Like this earthquake victim, Haiti has been crushed under U.S. exploitation and debt for most of its existence. Though the demand by Haiti for reparations from France is just, it obscures the role the United States played in the process to impoverish Haiti – a role that continues to this day. Today Haiti is a severely indebted country whose debt-to-export ratio is nearly 300 percent, far above what is considered sustainable even by the International Monetary Fund and the World Bank. Both institutions are dominated by the U.S. In 1980 Haiti’s debt was $302 million. Since then it has more than tripled to $1.1 billion, approximately 40 percent of the nation’s gross national product. Last year Haiti paid more in debt service than it did on medical services for the people. Haitian officials say nearly 80 percent of the current debt was accumulated by the regimes of Francois and Jean-Claude Duvalier, Papa Doc and Baby Doc. Both regimes operated under the benign gaze of the United States that has had a long and sordid history of keeping Haiti well within its sphere of economic and political influence. It is now well known that the primary source of Haiti’s chronic impoverishment is the reparations it was forced to pay to the former plantation owners who left following the 1804 revolution. Some of the white descendants of the former plantation owners, who now live in New Orleans, still have the indemnity coupons issued by France. So in fact, at least part of the reparations paid by Haiti went toward the development of the United States. In 1825 Haiti was forced to borrow 24 million francs from private French banks to begin paying off the crippling indemnity debt. Haiti only acknowledged this debt in exchange for French recognition of her independence, a principle that would continue to characterize Haiti’s international relationships. These indemnity payments caused continual financial emergencies and political upheavals. In a 51-year period, Haiti had 16 different presidents – new presidents often coming to power at the head of a rebel army.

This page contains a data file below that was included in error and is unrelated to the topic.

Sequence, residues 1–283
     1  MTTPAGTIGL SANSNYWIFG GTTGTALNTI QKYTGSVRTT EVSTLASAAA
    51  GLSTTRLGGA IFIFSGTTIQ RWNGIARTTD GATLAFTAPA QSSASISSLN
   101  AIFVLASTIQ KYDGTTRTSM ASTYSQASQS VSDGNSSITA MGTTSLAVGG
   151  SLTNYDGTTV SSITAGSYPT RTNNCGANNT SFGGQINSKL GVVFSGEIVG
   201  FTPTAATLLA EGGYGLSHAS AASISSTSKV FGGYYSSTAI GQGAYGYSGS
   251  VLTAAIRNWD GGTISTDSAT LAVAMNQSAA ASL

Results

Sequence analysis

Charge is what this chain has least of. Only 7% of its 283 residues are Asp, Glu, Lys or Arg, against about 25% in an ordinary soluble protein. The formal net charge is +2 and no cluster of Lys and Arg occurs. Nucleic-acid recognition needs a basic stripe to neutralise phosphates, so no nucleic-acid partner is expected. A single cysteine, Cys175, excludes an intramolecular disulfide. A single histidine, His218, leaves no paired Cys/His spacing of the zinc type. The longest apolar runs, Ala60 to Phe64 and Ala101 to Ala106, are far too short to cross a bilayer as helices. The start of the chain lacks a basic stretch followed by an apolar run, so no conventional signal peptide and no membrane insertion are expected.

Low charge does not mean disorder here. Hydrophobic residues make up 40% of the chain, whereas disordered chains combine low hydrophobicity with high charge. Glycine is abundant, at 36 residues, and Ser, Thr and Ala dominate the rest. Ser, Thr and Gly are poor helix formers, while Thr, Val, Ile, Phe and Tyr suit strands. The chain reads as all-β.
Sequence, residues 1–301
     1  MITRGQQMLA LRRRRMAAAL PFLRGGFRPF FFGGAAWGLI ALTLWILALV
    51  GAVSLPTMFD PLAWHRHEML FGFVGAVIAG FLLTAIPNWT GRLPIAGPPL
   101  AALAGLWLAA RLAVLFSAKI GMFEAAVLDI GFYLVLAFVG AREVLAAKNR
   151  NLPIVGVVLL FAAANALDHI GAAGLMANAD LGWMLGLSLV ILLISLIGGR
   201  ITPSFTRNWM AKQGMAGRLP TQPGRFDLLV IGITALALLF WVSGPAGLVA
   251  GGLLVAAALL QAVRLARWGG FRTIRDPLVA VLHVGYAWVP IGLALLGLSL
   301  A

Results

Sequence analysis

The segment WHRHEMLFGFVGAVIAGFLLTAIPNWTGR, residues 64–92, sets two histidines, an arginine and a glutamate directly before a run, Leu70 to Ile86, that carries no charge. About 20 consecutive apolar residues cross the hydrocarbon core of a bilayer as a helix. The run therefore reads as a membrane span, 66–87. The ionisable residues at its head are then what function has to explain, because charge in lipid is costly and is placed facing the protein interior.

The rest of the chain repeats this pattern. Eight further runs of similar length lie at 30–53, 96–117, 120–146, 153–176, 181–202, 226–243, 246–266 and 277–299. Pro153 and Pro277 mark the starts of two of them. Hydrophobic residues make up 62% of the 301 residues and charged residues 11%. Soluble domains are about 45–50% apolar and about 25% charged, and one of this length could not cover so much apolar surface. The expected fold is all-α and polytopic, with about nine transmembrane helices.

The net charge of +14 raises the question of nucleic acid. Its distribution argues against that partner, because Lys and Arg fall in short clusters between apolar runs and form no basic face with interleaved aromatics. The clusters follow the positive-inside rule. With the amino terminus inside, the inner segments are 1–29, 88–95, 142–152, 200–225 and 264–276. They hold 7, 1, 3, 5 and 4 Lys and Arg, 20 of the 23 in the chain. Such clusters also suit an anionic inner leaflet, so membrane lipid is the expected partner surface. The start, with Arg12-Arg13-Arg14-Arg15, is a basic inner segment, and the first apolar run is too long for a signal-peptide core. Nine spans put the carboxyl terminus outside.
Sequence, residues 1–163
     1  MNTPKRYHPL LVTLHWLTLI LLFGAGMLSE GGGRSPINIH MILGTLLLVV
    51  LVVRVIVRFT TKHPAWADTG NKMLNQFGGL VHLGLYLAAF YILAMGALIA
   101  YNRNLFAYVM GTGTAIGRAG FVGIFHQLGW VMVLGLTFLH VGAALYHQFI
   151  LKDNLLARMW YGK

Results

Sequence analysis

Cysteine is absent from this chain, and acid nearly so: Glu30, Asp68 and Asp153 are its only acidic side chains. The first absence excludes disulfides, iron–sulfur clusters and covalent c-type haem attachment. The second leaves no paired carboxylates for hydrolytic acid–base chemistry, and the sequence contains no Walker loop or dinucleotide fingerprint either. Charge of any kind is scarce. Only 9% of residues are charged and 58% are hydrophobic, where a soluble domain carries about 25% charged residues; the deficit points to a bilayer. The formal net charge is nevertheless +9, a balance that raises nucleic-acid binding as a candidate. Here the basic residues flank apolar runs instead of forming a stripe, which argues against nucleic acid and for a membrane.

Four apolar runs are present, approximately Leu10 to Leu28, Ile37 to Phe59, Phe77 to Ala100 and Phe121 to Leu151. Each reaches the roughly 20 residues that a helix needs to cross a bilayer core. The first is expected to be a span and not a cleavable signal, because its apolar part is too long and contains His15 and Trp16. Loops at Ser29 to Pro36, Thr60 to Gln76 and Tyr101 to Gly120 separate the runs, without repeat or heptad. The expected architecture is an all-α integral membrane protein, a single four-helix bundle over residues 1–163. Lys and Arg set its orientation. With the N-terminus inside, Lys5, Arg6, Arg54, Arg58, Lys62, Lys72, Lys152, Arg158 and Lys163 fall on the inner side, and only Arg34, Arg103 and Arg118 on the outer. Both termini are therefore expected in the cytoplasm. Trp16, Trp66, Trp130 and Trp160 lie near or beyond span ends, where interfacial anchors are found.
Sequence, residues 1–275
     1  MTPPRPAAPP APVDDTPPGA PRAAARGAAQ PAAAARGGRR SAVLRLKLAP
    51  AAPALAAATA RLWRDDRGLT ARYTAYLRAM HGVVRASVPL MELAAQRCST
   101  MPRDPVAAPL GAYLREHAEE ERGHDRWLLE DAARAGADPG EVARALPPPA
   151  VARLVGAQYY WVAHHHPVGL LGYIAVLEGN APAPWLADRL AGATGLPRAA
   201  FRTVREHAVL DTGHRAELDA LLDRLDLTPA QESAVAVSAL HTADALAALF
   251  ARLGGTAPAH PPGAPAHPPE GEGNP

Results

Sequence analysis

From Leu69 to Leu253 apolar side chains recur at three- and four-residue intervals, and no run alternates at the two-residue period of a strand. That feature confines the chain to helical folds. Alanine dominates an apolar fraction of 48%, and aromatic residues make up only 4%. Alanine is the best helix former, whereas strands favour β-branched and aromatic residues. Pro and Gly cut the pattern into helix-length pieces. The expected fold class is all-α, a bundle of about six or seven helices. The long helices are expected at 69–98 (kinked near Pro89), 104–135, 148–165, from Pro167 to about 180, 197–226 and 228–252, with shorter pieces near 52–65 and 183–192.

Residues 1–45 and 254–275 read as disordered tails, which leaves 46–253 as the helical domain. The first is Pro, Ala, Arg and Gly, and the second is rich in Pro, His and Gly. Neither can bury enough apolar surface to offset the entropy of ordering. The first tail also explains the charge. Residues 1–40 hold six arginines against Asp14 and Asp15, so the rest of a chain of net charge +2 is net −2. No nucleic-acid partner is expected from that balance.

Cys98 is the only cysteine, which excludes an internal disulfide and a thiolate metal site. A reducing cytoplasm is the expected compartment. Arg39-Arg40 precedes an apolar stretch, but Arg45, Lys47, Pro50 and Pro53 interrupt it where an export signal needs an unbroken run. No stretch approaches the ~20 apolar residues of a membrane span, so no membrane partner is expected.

Nevertheless, Haiti always made the indemnity payments – and, following those, the bank loan payments – on time. The 1915 intervention by the Marines on behalf of U.S. financial interests changed all of that, however. The prelude to the 1915 U.S. intervention began in 1910 when the National Bank of Haiti, founded in 1881 with French capital and entrusted from the start with the administration of the Haitian treasury, disappeared. It was replaced by the financial institution known as the National Bank of the Republic of Haiti. Part of the capital of the new national bank was subscribed by the National City Bank of New York, signaling, for the first time, U.S. interest in the financial affairs of Haiti. The motivation for the original U.S. financial interest in Haiti was the schemes of several U.S. corporations with ties to National City Bank to build a railroad system there. In order for these corporations – including the W.R. Grace Corp. – to protect their investments, they pressured President Woodrow Wilson and his secretary of state, William Jennings Bryan, to find ways to stabilize the Haitian economy, namely by taking a controlling interest in the Haitian custom houses, the main source of revenue for the government. After Secretary of State Bryan was fully briefed on Haiti by his advisers, he exclaimed, “Dear me, think of it! Niggers speaking French.” Ironically, however, Bryan, a longtime anti-imperialist, was against any exploitative relationship between the U.S. and Haiti or any other nation in the Western Hemisphere. In fact he had long called for canceling the debts of smaller nations as a means by which they could normally grow and develop. Not surprisingly, Bryan’s views were not well received in Washington or on Wall Street. Due to the near total ignorance at the State Department and in Washington generally about Haiti, Bryan was forced to rely on anyone who had first hand information. That person turned out to be Roger L. Farnham, one of the few people thoroughly familiar with Haitian affairs.